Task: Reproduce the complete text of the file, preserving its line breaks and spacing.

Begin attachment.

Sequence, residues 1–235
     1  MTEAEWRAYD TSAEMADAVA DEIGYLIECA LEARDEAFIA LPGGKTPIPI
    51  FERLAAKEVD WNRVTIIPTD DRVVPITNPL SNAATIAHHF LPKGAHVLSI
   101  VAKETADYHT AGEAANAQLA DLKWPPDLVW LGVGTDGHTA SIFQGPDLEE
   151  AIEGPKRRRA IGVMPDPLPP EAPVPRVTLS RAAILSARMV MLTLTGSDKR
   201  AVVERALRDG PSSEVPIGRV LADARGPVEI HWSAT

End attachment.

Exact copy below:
Sequence, residues 1–235
     1  MTEAEWRAYD TSAEMADAVA DEIGYLIECA LEARDEAFIA LPGGKTPIPI
    51  FERLAAKEVD WNRVTIIPTD DRVVPITNPL SNAATIAHHF LPKGAHVLSI
   101  VAKETADYHT AGEAANAQLA DLKWPPDLVW LGVGTDGHTA SIFQGPDLEE
   151  AIEGPKRRRA IGVMPDPLPP EAPVPRVTLS RAAILSARMV MLTLTGSDKR
   201  AVVERALRDG PSSEVPIGRV LADARGPVEI HWSAT